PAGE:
Shamil Rodriguez (30:33): And then 65% are nearly 66% of employers found them to be proficient. So the employers had much more confidence in the student's ability in digital technology. I just found that interesting because it's something that I hear a lot in terms of anecdotes and like my personal experience. But I just find that interesting that there's a survey here that shows what I perceive or I'm interpreting as this idea that, you know, oh, the younger generation one, they do have more exposure because they're in classes and they should be, you know, dealing with some of the latest tools that are out there in their profession, depending on what, where they're going to study. But I found that interesting as an interesting point, what do you think Def

Daphné Vanessa (31:12): There was a lot of difference in opinion, and that's what surveys are, are documented opinions. So I think we can leave that where it is. I did want to bring up the competencies because we keep mentioning the eight competencies so that people are on the same page. If you're listening to this while driving or cooking or taking care of somebody, I wanted to share what the competencies are so that, you know, and you can check later when you have a chance. So those were first professionalism and work ethic, secondly, oral and written communications, third critical thinking and problem solving for teamwork and collaboration, five leadership, six digital technology, seven career management and eight global intercultural fluency. So those were the core competencies that were used for this evaluation. And it was interesting the gaps between the graduate views and the employer views. Okay.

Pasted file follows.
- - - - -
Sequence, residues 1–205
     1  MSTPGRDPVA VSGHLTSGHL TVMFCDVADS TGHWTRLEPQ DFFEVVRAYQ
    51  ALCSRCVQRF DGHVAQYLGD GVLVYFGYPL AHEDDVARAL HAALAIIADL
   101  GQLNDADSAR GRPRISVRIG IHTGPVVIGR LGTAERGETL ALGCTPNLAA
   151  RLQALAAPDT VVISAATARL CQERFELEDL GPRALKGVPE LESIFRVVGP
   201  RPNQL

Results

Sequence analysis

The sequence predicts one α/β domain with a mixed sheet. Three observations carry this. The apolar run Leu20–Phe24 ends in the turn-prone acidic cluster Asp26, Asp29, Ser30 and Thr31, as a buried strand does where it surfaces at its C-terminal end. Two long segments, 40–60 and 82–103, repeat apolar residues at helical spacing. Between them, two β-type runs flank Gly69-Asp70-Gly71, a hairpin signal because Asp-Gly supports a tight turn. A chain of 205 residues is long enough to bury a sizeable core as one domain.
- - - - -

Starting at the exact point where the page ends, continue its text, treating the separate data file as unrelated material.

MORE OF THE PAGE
Shamil Rodriguez (32:19): No, I definitely absolutely agree with that. Daphne. I thought it was a really good survey. So I hope you guys enjoy that. If you get to take a look at it in the show notes, or we're going to have a link to it as well, but let's talk about the next steps there. Definitely. Yes.